1. Earsing, Karen A. RN, MS
  2. Hobson, Deborah Baugher RN, BSN
  3. White, Kathleen M. RN, CNAA, BC, PhD


Compliance with venous access best practices at Johns Hopkins Hospital hinged on nursing and physician management, and quality improvement programs. [Nurs Manage 2005:36(10):18-24]


Article Content

Because central venous catheters provide venous access to patients for the administration of fluids/medications, blood products, blood sampling, and hemodynamic monitoring, they disrupt skin integrity, making infection with bacteria and/or fungi possible. This infection may spread to the bloodstream, causing sepsis with hemodynamic changes, organ dysfunction, and ultimately death.


About half of all U.S. intensive care unit (ICU) patients have central venous catheters, which accounts for 15 million central-venous-catheter days per year in the ICUs. There are approximately 5.3 catheter-related bloodstream infections (CR-BSIs) per 1,000 catheter days, and the mortality associated with these infections is approximately 18%-or 14,000 deaths per year. 1 In addition, CR-BSIs prolong hospitalization 7 days on average and cost between $3,700 and $29,000 per infection. 2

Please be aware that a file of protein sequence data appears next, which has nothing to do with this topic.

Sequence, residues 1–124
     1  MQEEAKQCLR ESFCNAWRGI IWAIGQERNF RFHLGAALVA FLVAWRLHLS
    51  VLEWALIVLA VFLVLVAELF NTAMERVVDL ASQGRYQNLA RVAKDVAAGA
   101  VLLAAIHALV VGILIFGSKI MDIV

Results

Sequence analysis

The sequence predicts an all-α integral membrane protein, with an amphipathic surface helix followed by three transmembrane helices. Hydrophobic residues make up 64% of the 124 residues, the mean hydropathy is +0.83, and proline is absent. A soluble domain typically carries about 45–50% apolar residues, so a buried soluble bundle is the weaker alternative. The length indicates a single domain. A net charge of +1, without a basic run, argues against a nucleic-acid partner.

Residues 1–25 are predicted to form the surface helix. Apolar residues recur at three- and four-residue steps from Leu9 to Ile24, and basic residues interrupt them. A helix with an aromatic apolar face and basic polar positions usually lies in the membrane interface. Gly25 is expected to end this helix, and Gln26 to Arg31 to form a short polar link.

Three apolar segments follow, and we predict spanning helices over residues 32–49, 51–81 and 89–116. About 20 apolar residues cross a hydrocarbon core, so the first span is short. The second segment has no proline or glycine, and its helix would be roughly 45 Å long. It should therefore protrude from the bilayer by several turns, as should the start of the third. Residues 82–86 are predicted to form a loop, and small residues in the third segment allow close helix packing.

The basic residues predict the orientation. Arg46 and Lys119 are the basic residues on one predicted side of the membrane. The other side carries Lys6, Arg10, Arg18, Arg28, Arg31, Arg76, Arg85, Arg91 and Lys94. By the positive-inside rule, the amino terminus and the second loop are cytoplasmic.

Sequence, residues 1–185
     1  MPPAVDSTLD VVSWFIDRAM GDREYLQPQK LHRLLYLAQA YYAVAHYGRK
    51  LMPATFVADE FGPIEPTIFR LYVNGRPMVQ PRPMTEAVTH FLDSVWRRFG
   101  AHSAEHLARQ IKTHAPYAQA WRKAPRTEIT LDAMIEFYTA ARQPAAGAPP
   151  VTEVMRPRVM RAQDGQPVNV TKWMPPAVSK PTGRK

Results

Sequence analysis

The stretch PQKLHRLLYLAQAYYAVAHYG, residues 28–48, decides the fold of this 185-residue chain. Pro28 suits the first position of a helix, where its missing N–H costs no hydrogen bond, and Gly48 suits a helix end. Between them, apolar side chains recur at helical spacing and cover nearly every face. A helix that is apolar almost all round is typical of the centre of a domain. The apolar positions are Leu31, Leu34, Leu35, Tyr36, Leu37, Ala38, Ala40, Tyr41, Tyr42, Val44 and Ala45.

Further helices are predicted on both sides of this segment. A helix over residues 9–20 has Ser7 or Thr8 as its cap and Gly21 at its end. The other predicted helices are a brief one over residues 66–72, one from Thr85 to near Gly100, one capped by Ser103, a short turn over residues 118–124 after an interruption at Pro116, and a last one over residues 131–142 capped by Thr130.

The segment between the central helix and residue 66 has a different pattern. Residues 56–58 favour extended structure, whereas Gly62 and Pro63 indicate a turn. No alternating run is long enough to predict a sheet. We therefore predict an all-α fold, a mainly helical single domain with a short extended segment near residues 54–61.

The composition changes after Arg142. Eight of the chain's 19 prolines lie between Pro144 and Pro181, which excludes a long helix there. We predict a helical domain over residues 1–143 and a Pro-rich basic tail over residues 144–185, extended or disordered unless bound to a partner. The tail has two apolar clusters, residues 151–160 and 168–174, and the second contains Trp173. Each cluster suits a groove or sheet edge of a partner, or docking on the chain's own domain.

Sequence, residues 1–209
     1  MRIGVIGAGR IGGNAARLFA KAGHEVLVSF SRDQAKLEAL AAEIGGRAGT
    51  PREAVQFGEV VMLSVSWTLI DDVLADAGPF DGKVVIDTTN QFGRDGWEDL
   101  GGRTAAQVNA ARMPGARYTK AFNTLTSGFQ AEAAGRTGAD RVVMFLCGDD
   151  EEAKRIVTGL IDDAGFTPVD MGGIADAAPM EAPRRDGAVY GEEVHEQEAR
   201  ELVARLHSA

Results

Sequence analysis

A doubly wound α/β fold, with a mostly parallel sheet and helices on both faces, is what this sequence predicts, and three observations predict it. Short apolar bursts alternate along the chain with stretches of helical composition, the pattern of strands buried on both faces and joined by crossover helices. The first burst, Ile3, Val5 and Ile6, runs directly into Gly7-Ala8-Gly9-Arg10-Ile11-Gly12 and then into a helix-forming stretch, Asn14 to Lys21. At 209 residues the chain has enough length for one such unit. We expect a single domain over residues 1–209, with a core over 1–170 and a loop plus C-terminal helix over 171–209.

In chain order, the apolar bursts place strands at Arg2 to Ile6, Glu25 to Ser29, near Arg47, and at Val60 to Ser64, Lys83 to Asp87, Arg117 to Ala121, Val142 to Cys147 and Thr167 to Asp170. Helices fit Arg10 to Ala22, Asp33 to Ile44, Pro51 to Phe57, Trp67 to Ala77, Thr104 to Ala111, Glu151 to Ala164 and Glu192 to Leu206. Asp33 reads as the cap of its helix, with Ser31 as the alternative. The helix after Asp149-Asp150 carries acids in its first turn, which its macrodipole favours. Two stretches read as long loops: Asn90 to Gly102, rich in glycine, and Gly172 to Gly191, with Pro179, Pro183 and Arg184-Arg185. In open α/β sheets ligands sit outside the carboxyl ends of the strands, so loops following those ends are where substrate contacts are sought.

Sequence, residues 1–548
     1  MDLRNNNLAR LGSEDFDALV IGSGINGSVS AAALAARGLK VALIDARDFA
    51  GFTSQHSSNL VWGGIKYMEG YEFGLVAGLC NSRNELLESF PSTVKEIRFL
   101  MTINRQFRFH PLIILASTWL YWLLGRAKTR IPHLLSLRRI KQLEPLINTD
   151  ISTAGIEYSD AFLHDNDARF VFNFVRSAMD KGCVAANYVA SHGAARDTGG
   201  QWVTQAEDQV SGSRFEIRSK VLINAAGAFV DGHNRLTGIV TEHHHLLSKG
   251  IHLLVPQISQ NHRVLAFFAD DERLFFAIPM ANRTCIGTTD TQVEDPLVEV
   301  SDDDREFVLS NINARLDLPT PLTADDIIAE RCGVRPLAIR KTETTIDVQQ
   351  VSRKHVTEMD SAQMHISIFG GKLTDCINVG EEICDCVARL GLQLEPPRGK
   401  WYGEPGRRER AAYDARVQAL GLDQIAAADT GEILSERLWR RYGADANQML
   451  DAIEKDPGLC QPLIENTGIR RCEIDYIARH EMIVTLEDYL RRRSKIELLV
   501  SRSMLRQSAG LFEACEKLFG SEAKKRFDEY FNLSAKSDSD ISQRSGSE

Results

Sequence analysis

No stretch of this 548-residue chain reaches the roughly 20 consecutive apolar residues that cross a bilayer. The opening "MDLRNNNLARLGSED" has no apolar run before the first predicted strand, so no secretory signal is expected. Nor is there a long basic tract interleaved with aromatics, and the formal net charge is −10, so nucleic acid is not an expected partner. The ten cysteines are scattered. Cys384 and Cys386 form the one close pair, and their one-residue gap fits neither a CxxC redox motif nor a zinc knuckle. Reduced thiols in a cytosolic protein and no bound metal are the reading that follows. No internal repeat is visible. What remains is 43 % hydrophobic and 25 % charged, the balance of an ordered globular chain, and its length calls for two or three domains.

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The Institute for Healthcare Improvement (IHI) has described care bundles, or groups of best practices with respect to a disease process, that individually improve care, but when applied together, result in better outcomes than when implemented individually. The IHI central line bundle has five components: hand hygiene; maximal barrier precautions; chlorhexidine skin antisepsis; optimal catheter site selection (with the subclavian vein as the preferred site for nontunneled catheters); and daily review of the need for a central line, with prompt removal of unnecessary lines.


In many hospitals, application of the central line bundle yields impressive reduction in central line infection. Research demonstrates that ICUs which have implemented multiple interventions similar to the central line bundle have nearly eliminated CR-BSIs. 3


Description of the initiative

In 1998, the surgical intensive care unit (SICU) staff of Johns Hopkins Hospital (JHH) set out to decrease its CR-BSI rate. The JHH department of hospital epidemiology and infection control (HEIC) reported that the CR-BSI rate for the SICU was 14.56 infections per 1,000 catheter days-a rate well above the 50th percentile of the National Nosocomial Infections Surveillance System (NNISS). In response, the SICU staff, including nurses, attending physicians, HEIC staff, pharmacists, and respiratory therapists, met in March 1999 to discuss the infection rates and possible causes, then review evidence. The multidisciplinary team overwhelmingly agreed that its first initiative was to implement total barrier precautions for central line insertion and rewires. The initial goal was to decrease CR-BSIs in the SICU.